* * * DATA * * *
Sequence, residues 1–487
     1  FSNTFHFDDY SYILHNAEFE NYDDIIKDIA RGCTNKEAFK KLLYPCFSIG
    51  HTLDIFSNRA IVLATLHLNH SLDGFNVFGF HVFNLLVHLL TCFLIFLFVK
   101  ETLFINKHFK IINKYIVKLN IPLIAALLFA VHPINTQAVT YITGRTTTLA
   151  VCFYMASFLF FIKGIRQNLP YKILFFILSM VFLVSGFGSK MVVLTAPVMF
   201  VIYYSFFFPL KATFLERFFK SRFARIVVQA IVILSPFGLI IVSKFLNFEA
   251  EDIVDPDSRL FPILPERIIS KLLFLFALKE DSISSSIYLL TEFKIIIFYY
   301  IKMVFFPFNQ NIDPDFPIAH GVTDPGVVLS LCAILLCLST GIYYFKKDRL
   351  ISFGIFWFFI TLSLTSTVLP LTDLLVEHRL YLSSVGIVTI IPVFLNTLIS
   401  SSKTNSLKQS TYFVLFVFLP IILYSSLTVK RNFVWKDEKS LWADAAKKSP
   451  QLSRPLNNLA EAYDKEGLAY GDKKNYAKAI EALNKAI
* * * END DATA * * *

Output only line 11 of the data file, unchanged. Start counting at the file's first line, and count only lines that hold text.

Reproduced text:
   451  QLSRPLNNLA EAYDKEGLAY GDKKNYAKAI EALNKAI